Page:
The law spells out the requirements states must meet to receive federal money to educate special-needs students. The district declined, saying it had met the standard of the law.

The family eventually filed a lawsuit against the district. Lower courts all sided with the district, reasoning that it had provided the child “some” educational benefit — the standard cited in the federal statute at issue.

Lower courts across the nation have varied in their definition of the proper standard. The high court arguments Wednesday centered on whether “some” benefit was good enough, or whether special-needs students deserve a more “meaningful” benefit.

Jeffrey Fisher, an attorney for the boy’s family, told the justices that as a general rule, individualized education plans for special education students should include “a level of educational services designed to allow the child to progress from grade to grade in the general curriculum.”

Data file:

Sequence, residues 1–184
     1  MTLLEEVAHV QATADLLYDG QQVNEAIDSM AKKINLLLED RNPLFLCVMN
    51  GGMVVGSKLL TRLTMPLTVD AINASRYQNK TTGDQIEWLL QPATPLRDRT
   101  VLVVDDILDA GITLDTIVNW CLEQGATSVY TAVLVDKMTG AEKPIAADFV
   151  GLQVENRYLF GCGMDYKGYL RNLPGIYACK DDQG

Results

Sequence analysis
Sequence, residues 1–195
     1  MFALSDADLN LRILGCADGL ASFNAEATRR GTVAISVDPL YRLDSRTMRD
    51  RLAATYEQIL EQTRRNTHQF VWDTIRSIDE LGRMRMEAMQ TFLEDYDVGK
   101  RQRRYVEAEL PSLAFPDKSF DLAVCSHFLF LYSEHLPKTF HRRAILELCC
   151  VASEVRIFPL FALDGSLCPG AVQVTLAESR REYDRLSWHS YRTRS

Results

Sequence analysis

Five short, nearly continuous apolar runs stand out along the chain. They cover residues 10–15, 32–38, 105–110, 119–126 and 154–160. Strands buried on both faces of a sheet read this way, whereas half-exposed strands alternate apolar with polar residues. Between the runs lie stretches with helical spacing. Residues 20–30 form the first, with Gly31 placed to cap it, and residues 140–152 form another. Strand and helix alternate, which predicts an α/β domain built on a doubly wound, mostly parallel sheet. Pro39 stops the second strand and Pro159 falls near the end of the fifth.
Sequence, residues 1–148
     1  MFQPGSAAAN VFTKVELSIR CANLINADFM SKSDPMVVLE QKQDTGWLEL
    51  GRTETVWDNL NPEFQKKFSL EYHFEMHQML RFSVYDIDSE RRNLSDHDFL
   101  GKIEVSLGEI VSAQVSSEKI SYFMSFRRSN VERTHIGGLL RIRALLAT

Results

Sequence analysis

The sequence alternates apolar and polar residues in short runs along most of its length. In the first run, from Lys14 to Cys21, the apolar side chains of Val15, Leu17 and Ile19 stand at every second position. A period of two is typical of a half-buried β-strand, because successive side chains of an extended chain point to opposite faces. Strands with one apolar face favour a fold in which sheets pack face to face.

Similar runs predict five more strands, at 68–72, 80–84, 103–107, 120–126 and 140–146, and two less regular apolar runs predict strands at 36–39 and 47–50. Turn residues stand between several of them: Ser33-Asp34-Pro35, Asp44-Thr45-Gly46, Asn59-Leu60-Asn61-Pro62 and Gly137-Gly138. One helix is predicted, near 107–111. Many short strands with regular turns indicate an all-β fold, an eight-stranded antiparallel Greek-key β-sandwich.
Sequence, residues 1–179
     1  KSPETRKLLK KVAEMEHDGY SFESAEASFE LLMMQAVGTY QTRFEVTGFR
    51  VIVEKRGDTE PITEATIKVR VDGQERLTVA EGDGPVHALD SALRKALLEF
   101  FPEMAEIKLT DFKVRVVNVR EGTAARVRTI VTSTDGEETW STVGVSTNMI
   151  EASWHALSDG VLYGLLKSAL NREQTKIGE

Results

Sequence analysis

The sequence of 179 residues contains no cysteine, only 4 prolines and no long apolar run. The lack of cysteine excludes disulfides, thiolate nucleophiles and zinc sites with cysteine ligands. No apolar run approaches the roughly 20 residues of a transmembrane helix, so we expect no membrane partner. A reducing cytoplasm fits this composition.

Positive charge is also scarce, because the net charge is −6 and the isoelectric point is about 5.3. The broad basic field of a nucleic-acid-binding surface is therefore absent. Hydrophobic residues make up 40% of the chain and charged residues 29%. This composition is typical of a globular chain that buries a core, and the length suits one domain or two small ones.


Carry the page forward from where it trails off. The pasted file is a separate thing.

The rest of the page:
Throughout the arguments, the justices expressed frustration with what Justice Samuel Alito described as “a blizzard of words” that the law and courts have used to define what’s appropriate for special needs students.

Chief Justice John Roberts said regardless of the term used, “the whole package has got to be helpful enough to allow the student to keep up with his peers.”

Neal Katyal, an attorney for the school district, argued that providing children “some benefit” is a reasonable standard.

“That’s the way court after court has interpreted it,” he said. “It’s worked well. This court shouldn’t renege on that.”